This group focuses on the laws, policies and practices relating to the criminal justice system, police powers, and the legal rights of persons with mental illness. In broad terms the group advocates for the protection of the fundamental rights and liberties of citizens (including the presumption of innocence and the right to a fair trial) in the justice system. These liberties and rights are currently under pressure from governments.
Nearly 18 months after the 'Ice' Inquiry recommended decriminalisation, diversion, and a whole-of-government approach, the NSW Government's Final Response is missing in action.
Meanwhile, community support for a health and education based approach is growing: the 2019 National Drug Strategy Household Survey showed that 57% of Australians supported pill testing, while the most common action supported for people in possession of drugs including amphetamines was ‘referral to treatment or an education program’.
The NSWCCL urges the Government to publish its Final Response as a matter of urgency and to reconsider its opposition to measures that focus on health outcomes. It is time to fundamentally rethink our current approach to drug policy to better reflect our society’s values and expectations. We need an evidence- based approach that prioritises health and education and supports, rather than stigmatising, those affected by drug use.
For more: read our letter to the NSW Attorney General
Commonwealth Ombudsman: Only nine of nearly 2000 accesses to LBS by ACT Policing were properly authorised
NSWCCL is gravely concerned by a recent Report1 from the Commonwealth Ombudsman, which identified that many of the authorisations made by ACT Policing for access to telecommunications data between 13 October 2015 and 2019 were not properly authorised. Of the 1,713 individual accesses to location-based services (LBS) by ACT Policing for that period, only nine were fully compliant with the Telecommunications (Interception and Access) Act 1979 (TIA Act).Read more
The Council for Civil Liberties (NSWCCL) thanks the Department for Communities and Justice for its invitation to make a submission concerning the Review of Section 293 of the Criminal Procedure Act 1986.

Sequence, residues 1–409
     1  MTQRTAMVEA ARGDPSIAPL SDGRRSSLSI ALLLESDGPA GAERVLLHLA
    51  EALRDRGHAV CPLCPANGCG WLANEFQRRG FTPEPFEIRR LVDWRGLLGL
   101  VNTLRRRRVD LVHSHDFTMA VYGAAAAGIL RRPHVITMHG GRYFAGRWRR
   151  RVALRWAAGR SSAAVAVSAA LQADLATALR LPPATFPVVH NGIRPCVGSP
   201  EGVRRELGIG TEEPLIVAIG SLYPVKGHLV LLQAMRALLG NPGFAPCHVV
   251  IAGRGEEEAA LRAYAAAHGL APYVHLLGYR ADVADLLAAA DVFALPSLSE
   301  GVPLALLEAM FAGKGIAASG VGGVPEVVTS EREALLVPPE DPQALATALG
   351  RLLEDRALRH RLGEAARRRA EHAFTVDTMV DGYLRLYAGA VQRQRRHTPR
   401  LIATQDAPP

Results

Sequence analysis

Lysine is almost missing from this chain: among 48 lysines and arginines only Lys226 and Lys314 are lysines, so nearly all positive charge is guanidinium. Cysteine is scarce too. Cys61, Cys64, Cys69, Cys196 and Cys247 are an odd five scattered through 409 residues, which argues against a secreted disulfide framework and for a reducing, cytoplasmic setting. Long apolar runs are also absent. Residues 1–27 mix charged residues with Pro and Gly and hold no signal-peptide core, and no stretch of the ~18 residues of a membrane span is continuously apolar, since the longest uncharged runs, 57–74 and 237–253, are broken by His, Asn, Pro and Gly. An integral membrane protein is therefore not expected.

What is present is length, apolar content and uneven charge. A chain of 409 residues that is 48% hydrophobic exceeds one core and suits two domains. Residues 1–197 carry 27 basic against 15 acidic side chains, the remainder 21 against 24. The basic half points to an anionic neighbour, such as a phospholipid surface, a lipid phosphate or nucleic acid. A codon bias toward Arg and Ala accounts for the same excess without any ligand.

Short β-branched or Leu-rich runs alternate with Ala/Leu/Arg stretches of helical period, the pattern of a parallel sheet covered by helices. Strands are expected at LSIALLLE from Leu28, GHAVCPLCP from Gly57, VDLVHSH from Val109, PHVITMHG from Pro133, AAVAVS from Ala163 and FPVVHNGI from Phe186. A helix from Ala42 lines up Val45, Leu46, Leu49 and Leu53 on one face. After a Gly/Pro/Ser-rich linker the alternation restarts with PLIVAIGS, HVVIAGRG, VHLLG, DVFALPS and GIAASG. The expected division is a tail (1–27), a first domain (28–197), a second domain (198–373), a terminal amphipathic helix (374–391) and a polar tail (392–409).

'It is submitted that rather than providing a specific exception in relation to false complainants (as proposed by option 2) it is more desirable to consider what the principles and objectives that are sought to be achieved by this reform, rather than reactive reform in relation to a single factual scenario. Each case will bring its own unique factual issues and circumstances. Specific exceptions will often fall short of adequately dealing with the breadth of circumstances and issues of particular cases. Rather, an appropriately drafted discretion has the capacity to deal with a broader range of cases, provide protections in relation to the factors which must be taken into account and prevent piecemeal reform as other issues and factual scenarios arise in the future.'
2 March 2021
Prime Minister abrogates his responsibility to look into the allegations of historical rape
In response to questions at a press conference yesterday about allegations made by a woman that she was raped in 1988 by a man who is now a Cabinet Minister, the Prime Minister stated that he had reported the matter to the Australian Federal Police and that the Commissioner had indicated that there was “nothing immediate” in terms of necessary actions that he considered the PM should be taking. The Prime Minister said that he was awaiting the advice of the Commissioner on the status of “other jurisdictions” that could be potentially involved when the Commissioner was “in a position to do so”.Read more